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How to compare 2 DateTime objects in different locale?

Posted on 2013-01-09
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Last Modified: 2013-01-17
I have 2 dates that need to be compared... works fine in the US, but not in the UK, where month comes after the day (Jan 5th is 5/1/2013).   I have tried using ToUniversalTime method, but it does nothing... the dates look the same: dd/mm/yyyy.

How can I compare the dates in the different locales?
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Question by:rmmarsh
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by:virtuadept
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Do you have some kind of string or control text that you have to convert to date and in the US the string is coming MM/DD/YYYY and in the UK it is DD/MM/YYYY and your converter is getting the UK one backwards?

Can you check the system's culture date pattern?

DateTime dtTemp = DateTime(dateString, CurrentCulture.DateTimeFormat.ShortDatePattern, CurrentCulture.DateTimeFormat);

Note that only works if the UK machines are set up to use a UK date format and its not just that the machine is US format but the data being converted isn't.
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by:rmmarsh
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I don't have any converter... I never intended this app to run anywhere outside the US, so I'm getting bitten now with localization...

DateTime(dateString... is a type but used as a variable...
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by:virtuadept
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If possible can you post some example code where you are comparing the dates? And how those are being populated?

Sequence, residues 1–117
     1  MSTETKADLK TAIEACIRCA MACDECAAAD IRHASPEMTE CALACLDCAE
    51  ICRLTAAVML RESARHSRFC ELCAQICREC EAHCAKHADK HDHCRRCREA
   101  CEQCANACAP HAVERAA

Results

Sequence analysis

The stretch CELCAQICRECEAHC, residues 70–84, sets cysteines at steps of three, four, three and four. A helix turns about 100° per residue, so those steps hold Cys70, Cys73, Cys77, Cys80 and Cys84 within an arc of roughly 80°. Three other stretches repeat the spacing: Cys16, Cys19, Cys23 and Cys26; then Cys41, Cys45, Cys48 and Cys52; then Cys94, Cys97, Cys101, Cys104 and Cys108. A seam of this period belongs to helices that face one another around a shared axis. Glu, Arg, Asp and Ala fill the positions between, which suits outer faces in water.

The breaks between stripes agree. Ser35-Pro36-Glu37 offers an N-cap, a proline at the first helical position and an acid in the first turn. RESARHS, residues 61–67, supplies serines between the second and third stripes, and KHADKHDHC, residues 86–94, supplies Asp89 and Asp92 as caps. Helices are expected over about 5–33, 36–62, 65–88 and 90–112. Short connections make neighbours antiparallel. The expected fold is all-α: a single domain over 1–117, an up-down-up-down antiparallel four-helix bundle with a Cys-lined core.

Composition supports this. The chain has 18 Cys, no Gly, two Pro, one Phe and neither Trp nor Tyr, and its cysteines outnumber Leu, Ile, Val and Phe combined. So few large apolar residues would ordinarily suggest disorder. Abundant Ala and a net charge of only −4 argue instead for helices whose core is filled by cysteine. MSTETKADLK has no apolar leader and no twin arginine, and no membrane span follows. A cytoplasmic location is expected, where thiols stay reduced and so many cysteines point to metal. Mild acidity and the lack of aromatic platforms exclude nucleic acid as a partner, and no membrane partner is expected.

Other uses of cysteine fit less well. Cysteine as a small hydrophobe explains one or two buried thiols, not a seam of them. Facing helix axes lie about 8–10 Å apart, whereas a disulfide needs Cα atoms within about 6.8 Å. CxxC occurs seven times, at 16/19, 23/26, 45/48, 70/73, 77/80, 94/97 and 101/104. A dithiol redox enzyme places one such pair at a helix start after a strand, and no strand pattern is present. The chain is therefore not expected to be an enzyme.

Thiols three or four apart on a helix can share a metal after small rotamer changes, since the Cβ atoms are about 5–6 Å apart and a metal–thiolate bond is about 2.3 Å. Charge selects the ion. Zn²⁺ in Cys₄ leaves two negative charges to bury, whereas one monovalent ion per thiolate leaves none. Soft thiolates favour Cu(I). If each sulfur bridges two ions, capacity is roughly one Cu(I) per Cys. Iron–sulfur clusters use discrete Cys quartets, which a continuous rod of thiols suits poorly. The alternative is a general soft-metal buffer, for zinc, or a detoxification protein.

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by:rmmarsh
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It's very simple:  
If (DateTime.Compare(decryptedDate, DateTime.Today) > 0)

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Both dates have the same format: dd/mm/yyyy
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by:David Johnson, CD, MVP
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It greatly depends upon how you STORE the object, if you store it as a datetime object then you're free and clear, if you store it as a string then your in trouble. You can always configure HOW TO DISPLAY the object
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by:rmmarsh
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Object was stored as an encrypted string in a Firebird d/b.  I bring it out, decrypt it into a DateTime object and compare it to DateTime.Now.   It won't compare correctly...
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by:David Johnson, CD, MVP
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Firebird does not have any encryption integrated http://bit.ly/WBh3my
so you encrypt and decrypt it using your own procedure it should be stored as a BLOB SUB_TYPE 0 (which is binary)
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by:käµfm³d 👽
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What format are dates stored in the DB?  DD/MM/YYYY? Or does it depend on where the application was running from (e.g. if a UK user runs the app, then a UK-formatted date gets pushed to the DB).
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by:Orcbighter